There's an awful lot of room for water molecules in the air. Any that happen to fly up in the air are very unlikely to return once they wander a bit away from the starting place. Unless there are already a lot of water molecules in the air, the flow will be one way, from the liquid to the gas. In order to keep there from being net evaporation, there must be a flow back from the air to the water.
The concentration of water molecules in the air is often given by the relative humidity. At 100% relative humidity, the flow of molecules from a cup of water into the air will just balance the flow from the air to the cup, if theyíre both at the same temperature. Itís true that the rate at which the water molecules leaves goes up quickly as the water gets hotter and the rate at which the molecules returns only goes up a little as the air gets hotter. So the evaporation is much faster when the water is hotter, and 100 % relative humidity means a higher concentration of water in the air when itís hot than when itís cold. So thatís probably where the impression arises that water shouldnít evaporate when itís cold.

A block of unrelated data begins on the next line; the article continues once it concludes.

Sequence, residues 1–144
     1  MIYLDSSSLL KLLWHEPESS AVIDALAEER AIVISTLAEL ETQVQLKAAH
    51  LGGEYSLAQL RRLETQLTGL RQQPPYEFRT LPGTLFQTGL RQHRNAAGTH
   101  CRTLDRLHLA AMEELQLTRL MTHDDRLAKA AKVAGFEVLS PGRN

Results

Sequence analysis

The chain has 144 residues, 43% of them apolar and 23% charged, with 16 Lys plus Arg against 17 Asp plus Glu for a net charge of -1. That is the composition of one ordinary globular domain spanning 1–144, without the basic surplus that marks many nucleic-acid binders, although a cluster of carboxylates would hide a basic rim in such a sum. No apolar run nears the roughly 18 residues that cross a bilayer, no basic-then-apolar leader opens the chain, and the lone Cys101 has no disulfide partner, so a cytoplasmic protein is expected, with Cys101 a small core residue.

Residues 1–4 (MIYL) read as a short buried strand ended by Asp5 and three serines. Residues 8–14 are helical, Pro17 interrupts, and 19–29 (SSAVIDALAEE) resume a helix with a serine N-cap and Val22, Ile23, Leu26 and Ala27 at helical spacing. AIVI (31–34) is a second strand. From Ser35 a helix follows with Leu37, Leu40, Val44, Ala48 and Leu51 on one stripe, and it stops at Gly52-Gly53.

One interesting case of cold water evaporating occurs in your freezer. Ice cubes directly evaporate, although we use the word "sublimate" instead. Even though ice is a solid, its molecules are rattling around and occasionally fly off the surface, just as they do in a liquid.
All the evaporation occurs at the surface, so thatís a big reason why the rate depends on the surface area. Itís true that the evaporation cools the water, which would reduce the evaporation rate if no heat flowed in. As you say, heat can flow into the exposed surface, but it can also flow in from the container. So I bet thatís a less important reason for the surface area to matter.
(published on 10/22/2007)